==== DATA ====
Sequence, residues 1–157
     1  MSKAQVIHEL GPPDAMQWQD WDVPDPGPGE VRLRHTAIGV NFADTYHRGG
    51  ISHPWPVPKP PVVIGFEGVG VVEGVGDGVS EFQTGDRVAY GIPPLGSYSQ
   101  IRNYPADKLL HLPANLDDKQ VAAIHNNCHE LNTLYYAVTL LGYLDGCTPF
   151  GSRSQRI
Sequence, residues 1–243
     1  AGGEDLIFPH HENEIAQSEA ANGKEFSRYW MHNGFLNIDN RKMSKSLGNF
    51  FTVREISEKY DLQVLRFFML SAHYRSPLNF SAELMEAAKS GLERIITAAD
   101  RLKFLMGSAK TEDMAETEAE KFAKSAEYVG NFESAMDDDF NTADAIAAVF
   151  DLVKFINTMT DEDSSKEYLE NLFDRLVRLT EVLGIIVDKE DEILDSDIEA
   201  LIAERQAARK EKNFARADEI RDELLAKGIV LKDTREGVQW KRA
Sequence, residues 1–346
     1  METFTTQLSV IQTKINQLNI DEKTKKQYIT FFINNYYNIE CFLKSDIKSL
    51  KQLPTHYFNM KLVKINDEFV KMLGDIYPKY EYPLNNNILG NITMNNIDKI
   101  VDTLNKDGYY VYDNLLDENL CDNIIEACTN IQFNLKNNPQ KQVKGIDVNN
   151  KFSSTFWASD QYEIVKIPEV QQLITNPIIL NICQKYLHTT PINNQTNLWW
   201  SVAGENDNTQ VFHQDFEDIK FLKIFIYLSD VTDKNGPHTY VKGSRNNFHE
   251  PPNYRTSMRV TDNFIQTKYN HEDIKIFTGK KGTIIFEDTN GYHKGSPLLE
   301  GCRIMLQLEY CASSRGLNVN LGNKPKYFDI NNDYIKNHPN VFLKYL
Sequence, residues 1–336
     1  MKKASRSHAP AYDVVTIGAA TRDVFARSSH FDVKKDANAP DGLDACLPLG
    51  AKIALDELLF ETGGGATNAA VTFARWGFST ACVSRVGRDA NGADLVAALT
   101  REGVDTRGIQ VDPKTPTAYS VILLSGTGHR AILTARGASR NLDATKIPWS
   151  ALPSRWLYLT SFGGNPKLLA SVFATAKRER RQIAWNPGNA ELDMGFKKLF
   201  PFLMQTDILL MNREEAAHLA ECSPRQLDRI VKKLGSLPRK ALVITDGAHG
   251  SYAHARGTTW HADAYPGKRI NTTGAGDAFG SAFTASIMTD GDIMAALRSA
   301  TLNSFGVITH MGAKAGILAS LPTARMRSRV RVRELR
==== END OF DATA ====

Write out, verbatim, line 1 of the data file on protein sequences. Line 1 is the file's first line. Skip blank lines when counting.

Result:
Sequence, residues 1–157